A few milestones: November 2016, my first magazine cover for NYC based Fantastics Magazine featuring Rudy Bundini @rudibundini—Rudy is a former boxing heavyweight champion and has modeled for Versace, Armani and Calvin Klein. He has that aura of supreme confidence and looks exactly like you imagine a male supermodel to look. I was nervous meeting him, as I had little experience at that stage, but from the start, he put me at ease and could not have been nicer.  As we were meeting late in the afternoon, I took my Leica Monochrom with me—black and white is easier in low light.

In 2017 I had my first photography exhibit in Chicago featuring the dancer Christian Denice.  It was the first time I had any of my photographs professionally printed, which was an education in itself.

In December 2018 I had an allergic reaction to a prescribed drug. I was in intensive care for a week. However, the recovery process was long and my energy came back 9 months afterwards. I had a period of time where I couldn’t shoot—good practice for lockdown! I think that the combined periods of not working from being ill and then the lockdown benefitted my work: I am keen now to make the absolute best use of my time. I think it also encouraged me to move back to Scotland and reconnect with home.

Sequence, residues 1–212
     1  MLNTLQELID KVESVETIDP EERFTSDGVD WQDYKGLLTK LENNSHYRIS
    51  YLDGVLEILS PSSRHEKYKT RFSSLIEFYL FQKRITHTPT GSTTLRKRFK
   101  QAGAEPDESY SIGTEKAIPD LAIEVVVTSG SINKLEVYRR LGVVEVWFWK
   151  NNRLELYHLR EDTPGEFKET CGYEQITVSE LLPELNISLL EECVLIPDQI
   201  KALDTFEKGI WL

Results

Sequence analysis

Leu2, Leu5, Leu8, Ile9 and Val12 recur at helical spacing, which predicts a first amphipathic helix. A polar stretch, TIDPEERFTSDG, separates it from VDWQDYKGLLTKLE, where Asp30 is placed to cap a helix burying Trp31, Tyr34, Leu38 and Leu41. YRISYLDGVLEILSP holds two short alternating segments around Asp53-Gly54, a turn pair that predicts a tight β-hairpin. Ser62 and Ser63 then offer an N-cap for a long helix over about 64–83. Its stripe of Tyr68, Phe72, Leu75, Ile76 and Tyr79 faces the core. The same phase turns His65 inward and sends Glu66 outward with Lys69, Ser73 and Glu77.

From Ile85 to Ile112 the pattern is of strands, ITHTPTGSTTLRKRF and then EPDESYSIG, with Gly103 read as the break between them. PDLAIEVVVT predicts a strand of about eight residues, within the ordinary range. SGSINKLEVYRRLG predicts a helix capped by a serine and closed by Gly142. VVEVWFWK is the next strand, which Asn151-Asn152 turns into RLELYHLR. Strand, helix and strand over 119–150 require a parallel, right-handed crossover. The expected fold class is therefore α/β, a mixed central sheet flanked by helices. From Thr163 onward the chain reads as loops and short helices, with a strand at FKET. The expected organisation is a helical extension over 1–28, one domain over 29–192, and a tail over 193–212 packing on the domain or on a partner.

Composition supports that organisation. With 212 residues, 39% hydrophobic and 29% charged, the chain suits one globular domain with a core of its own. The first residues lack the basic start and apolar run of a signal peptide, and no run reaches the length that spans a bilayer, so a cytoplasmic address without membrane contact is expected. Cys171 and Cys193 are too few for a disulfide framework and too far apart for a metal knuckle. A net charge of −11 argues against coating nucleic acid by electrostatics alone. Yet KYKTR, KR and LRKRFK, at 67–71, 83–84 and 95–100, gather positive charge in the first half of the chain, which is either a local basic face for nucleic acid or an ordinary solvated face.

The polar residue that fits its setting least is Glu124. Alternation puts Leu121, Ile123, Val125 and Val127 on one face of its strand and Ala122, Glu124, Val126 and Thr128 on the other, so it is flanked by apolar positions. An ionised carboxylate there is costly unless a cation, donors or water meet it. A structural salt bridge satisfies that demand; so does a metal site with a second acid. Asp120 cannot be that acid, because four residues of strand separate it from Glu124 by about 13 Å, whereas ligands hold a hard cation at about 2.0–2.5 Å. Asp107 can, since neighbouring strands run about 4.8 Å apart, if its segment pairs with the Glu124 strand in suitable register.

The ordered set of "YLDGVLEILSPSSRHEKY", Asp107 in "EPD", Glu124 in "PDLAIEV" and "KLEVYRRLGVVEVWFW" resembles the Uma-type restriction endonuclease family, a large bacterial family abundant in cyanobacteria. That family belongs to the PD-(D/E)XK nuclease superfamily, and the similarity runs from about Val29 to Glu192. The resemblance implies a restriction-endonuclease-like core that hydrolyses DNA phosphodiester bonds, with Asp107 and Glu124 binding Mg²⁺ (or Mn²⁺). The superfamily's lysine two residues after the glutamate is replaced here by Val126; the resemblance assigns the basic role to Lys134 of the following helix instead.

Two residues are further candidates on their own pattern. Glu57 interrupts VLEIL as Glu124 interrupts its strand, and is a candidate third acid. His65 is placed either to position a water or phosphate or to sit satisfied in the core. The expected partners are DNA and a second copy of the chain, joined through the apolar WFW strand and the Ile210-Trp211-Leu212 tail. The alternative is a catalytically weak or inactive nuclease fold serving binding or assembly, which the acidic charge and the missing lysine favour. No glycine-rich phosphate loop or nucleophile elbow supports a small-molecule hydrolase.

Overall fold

Currently I split my time shooting in the UK, Europe and make regular trips back to Los Angeles and New York.

You are no doubt eclectic —styles and themes vary greatly and capture the very essence of the model you portray. Is there a Macleod technique though? It’s obvious you favor natural light and avoid studio settings.